Friday, 11 June 2010

I'm sorry, it seems ages since I have 'blogged' - blame lots of travelling and teaching, with a huge backlog of tasks that needed doing at home. But the last few months have been a very productive time in terms of some new skills and understandings that are enhancing both my riding and teaching.
My last series of blogs have been about the challenges of riding lazy and whizzy horses. Maybe I can bring those two strands together through the following analogy.
Imagine two people standing opposite each other playing a game of catch with a tennis ball. This is a co-operative game - neither person is trying to catch the other one out - and each throws the ball so that it bounces once, giving a reliable rhythm of bounce, catch, bounce, catch, bounce, catch....
Then imagine that one partner secretly substitutes a more bouncy ball, which would speed up the rhythm of the game, and make it much more precarious!
Also imagine that one of them secretly substitutes a bean bag! That is the end of the game.
Our 'bounce, catch' analogy illustrates the energy exchange between horse and rider in rising trot, and we want this to work as if each one were throwing the other a tennis ball. But the lazy horse might want to throw bean bags, which deaden the bounce in the game, making it 'wind down'. Many draft crosses are of this type. The rider might also tend to throw bean bags, and one of my pupils once nicknamed herself 'bean bag butt' (I would not have said this - it's too cruel!) But it was certainly true that every horse she rode tended to 'give up the ghost'. She was a low tone rider, and her body naturally had a 'bean bag' quality that she had to work very hard to change, holding her muscles much more firmly than their natural level of tone.
Many riders throw the horse a bean bag when they want him to go more - they land heavier, dig their seat into his back, and expect this to make him go forward. But they have deadened his bounce, with the inevitable result that he will go less If the horse is a 'bean bag' type, the rider has to keep throwing him tennis balls, and not get seduced into throwing bean bags back at him. If she does this, he will inevitably loose impulsion.
It is not easy to keep 'tennis ball' quality in your body when paired with a 'bean bag' horse! His hind legs have to 'ping' off the ground more than he wants them too, and he has less recoil energy in his tendons and ligaments than, say, a thoroughbred. The tempo has to stay faster than he would choose, and you may need to learn to give leg aids in the way I have described in previous posts. If you nag and shove you are doomed.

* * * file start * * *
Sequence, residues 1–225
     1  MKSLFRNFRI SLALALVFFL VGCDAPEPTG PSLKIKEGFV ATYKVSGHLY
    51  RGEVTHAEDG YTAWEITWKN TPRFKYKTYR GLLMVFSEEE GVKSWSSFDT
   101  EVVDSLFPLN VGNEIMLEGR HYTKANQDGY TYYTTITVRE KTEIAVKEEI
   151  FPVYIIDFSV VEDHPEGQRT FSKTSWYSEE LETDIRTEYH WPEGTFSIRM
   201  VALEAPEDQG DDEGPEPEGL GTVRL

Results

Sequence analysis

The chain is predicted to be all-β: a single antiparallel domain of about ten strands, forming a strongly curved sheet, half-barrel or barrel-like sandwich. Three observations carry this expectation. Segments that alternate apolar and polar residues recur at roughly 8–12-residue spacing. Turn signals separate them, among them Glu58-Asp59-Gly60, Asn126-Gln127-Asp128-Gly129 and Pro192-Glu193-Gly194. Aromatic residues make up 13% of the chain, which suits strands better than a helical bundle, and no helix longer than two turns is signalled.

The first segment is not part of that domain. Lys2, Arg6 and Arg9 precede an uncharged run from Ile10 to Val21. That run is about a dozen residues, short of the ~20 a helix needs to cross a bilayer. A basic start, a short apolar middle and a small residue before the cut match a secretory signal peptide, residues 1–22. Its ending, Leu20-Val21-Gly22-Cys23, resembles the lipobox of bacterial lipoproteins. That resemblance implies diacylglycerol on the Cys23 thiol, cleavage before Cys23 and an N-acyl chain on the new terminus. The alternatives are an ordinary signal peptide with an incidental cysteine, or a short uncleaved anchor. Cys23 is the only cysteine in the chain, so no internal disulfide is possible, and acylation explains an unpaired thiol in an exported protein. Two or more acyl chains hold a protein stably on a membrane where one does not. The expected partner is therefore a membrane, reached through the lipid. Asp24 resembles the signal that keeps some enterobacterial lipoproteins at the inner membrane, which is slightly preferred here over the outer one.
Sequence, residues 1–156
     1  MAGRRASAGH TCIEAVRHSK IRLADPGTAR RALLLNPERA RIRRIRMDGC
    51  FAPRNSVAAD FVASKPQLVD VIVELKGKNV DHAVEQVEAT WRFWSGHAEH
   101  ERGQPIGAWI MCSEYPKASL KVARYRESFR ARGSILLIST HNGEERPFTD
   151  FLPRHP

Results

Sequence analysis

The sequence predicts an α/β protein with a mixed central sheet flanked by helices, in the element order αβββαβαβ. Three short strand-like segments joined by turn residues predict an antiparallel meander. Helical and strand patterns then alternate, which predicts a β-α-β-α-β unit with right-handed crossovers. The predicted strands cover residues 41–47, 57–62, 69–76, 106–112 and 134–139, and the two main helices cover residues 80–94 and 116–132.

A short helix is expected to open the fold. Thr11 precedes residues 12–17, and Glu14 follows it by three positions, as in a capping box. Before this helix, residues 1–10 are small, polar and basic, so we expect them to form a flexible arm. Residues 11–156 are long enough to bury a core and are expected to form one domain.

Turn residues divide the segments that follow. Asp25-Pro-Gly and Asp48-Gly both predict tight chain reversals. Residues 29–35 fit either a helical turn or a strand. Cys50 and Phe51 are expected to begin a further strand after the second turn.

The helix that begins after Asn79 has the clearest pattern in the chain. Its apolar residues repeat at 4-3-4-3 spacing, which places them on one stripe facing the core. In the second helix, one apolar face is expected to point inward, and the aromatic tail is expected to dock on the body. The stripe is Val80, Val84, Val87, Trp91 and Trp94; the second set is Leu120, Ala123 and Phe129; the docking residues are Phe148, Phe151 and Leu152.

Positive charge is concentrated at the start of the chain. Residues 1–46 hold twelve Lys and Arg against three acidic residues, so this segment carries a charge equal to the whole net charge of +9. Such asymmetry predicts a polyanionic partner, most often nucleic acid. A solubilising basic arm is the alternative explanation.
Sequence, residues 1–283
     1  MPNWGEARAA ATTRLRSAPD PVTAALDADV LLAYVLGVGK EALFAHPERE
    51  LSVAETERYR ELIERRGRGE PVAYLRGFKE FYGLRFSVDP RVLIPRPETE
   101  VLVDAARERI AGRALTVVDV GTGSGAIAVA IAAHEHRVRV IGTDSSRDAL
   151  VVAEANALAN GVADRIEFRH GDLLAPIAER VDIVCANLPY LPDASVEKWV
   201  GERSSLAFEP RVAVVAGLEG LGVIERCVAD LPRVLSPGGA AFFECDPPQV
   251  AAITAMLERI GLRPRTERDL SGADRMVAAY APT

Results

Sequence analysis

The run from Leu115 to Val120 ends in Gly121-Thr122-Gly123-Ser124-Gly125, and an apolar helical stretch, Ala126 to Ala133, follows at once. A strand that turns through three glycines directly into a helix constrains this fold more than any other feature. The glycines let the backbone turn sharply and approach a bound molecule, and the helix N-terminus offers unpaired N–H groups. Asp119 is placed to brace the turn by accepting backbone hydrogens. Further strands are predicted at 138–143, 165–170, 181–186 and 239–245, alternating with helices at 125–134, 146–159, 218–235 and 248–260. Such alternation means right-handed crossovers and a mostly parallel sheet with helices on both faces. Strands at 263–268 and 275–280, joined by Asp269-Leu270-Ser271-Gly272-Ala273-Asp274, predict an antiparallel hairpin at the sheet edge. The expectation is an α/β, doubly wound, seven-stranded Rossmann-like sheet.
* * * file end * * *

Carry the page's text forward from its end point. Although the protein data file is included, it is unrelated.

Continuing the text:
You also have to be able to diagnose the moment when his bounce descreases. Most riders 'wake up' then both they are the horse are well into the process of 'winding down' - and by then, it is a huge big deal to re-find 'tennis ball' impulsion. Prevention works far better than cure!
In contrast, thoroughbreds might well want to throw you a bouncier ball than you want them too, increasing both the speed and the force of their 'throws'. Your job is then to slow the tempo, keeping their hind legs on the ground for a little longer than they want them there, especially with the proverbial 'cat on hot bricks' kind of horse. This is the only way that you can regain control of the speed of the 'throws' and the force of the 'throws'.
I wish I had understood this better years ago, as the wonderful thoroughbred horse pictured on the cover of the 'Essentials' book would con me by speeding up the game, and I would match her thrust-for-thrust, only to have her try and speed it up more. It was as if she was saying 'any way you can thrust I can thrust better/faster/harder...' (she was a wonderfully exuberant soul, and loved to run away with people in medium trot!) It was a long time before I realised that my job was not to match her but to slow her. I had to become extremely pro-active to make pauses at the top of the rise and the bottom of the sit that were effective enough to slow down her legs. I had to develop good enough 'chewing gum string rise', and to keep a reliable 'windscreen wiper rise', before I could maintain my ideal amount and speed of thrust. (See previous posts for an explanation of these analogies.)
The tennis ball analogy is a lovely way to talk about the energy exchange between horse and rider. We as riders have the task of creating 'tennis ball energy' in our bodies - and some of us are more bean-bag-like, while others are more bouncy-ball-like. Our horses too have different energetic qualities, and we are (we hope) training them to become more tennis-ball-like.
Next time you ride, think about tennis ball energy exchange, and see if you can diagnose yourself and your horse, bringing you both to the more ideal game of throwing tennis balls!